Ian Thomas, Regulatory Solutions Expert for the financial services consultancy Quorsus, examines the different derivative reporting “guidelines” used by some jurisdictions but not others, and answers the question: will Critical Data Elements (CDE) bring the harmony that the Financial Stability Board (FSB) is seeking?
There has been a lot of activity around the regulation of OTC derivative contracts, all stemming from global financial events that occurred over 10 years ago. It’s hard to believe that so much time and effort is still being expended seeking to deliver a unified global response, over a decade later. So, to really take stock of today’s developments and where we are heading next, it’s worth rewinding back to the days when the phrase we heard multiple times a day was ‘financial crisis’ rather than ‘global pandemic’.
How it started
Back when global leaders met in Pittsburgh to discuss critical transition from crisis to recovery at the G20 Summit in 2009, it was agreed that OTC derivative contracts should be reported to trade repositories (TRs). The G20 implored the FSB and its relevant members to regularly assess implementation and ‘whether it is sufficient to improve transparency in the derivatives markets, mitigate systemic risk, and protect against market abuse’.
As part of this ongoing oversight on the OTC derivatives market, the FSB issued a statement in 2014 stating that aggregating data was an essential outcome of regulatory reporting and would only be possible when the work on standardisation and harmonisation of important data elements [is] completed.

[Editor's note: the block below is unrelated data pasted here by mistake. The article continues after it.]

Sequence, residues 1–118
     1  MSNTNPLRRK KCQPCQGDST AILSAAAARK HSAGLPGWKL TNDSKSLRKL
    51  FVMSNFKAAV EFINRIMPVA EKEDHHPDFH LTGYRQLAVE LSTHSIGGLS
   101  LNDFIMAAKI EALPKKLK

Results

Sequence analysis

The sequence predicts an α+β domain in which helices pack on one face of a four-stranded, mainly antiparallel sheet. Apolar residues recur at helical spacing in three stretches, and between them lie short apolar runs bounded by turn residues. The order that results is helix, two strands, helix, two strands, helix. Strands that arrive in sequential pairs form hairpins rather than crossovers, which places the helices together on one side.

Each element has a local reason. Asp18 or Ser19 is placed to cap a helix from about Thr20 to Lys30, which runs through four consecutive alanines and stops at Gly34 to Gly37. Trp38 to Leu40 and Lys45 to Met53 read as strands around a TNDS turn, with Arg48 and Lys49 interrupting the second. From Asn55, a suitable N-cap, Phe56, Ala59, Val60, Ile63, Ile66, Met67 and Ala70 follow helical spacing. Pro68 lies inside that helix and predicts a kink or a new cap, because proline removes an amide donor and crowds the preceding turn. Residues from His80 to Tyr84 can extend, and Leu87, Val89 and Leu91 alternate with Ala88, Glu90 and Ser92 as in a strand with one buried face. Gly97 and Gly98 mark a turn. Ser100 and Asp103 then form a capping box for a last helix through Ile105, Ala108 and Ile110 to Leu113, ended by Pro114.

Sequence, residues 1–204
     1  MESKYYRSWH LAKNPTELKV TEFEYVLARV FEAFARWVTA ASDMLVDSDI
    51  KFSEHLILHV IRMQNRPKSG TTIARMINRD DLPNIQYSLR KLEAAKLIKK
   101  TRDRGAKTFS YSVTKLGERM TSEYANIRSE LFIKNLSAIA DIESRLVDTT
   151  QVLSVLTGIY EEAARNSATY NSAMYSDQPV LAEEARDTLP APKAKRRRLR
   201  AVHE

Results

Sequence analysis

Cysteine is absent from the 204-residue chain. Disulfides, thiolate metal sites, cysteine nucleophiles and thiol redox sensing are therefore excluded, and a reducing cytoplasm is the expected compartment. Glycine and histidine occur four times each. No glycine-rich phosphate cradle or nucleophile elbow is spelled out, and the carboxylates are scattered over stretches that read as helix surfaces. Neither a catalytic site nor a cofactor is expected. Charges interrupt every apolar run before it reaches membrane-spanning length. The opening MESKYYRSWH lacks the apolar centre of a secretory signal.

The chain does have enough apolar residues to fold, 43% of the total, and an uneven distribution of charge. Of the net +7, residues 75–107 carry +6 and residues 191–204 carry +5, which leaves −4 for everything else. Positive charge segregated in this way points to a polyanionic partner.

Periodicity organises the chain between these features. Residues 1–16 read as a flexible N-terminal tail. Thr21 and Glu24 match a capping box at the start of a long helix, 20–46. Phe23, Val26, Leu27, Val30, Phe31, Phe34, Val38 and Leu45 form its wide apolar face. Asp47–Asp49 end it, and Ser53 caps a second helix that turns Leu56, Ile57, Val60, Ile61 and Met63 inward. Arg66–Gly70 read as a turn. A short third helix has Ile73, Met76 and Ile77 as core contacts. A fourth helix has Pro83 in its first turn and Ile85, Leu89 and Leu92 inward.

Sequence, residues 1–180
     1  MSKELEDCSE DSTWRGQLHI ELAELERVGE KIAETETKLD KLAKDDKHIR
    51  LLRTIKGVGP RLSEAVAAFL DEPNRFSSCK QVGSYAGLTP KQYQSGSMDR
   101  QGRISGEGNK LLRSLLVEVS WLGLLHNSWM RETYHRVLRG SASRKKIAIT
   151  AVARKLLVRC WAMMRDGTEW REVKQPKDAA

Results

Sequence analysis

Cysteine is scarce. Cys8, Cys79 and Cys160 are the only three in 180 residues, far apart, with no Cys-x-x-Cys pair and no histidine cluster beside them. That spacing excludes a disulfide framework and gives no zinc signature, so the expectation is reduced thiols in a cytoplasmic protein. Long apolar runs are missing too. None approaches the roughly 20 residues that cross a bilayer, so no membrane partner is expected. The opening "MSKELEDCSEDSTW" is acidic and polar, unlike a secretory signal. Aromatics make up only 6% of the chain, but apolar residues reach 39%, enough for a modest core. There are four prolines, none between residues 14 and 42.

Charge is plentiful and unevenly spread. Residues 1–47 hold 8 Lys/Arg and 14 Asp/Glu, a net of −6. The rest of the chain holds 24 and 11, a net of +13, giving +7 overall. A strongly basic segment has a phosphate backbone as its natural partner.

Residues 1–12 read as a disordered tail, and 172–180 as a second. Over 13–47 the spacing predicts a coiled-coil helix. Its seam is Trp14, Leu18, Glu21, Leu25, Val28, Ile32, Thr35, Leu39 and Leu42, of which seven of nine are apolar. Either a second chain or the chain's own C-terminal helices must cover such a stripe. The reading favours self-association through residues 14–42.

But achieving that level of harmonisation would prove to be easier said than done for market participants, TRs and the authorities who want — and needto — use the data. With so many different regional approaches across multiple levels (data fields, asset classes, dual vs. single sided reporting, collateral reporting, responsibility for reporting, timelines for reporting, sharing of identifiers, the list goes on), data aggregation was simply not possible.
To find a way through this problem, in 2014 CPMI-IOSCO embarked on a three-year Critical Data Elements (CDE) project to develop global guidance on the harmonisation of data elements reported to TRs, including Unique Transaction Identifier (UTI) and Unique Product Identifier (UPI). The industry agreed this would be a significant piece of guidance that would go a long way to ensure each jurisdiction moves away from myopic approaches to reporting standards and further toward global consistency.
In other words, the guidance will ensure everyone will finally be in harmony…
Or will it?
Where we are today
Four years after the publication of the CDE guidance, and following much discussion and debate, we are finally seeing a global acknowledgement of its use in the CFTC’s re-write (and by default, the SEC’s), which uses CDE for most of the new fields included in their technical specification. ESMA too, is closely aligning itself to CDE under EMIR REFIT and ASIC’s current Consultation Paper makes clear its intention to ‘focus on rule changes to fully implement the harmonised international… identifiers.’
However, it is important to remember that because CDE guidelines are just that – guidelines – anomalies will arise, meaning the scope and approach of each jurisdiction will differ.
And as one can imagine, this is exactly what has happened in the CFTC’s re-write. While many fields follow the CDE guidelines, there are exceptions. Some fields are omitted altogether, for example in the ‘Prices’ category, seven fields are omitted by CFTC (four of which are used by ESMA). CFTC has a single ‘custom basket’ field, but ignores the five CDE elements, two of which are in line to be used by ESMA. Other fields have had their guidance tweaked to suit the jurisdiction’s objectives. The CFTC re-write includes over 30 of its own fields (admittedly, some fields like the ‘USI’ are transitional, and the CFTC will finally embrace ‘UTI’ in line with other jurisdictions when their new rules go live in 2022).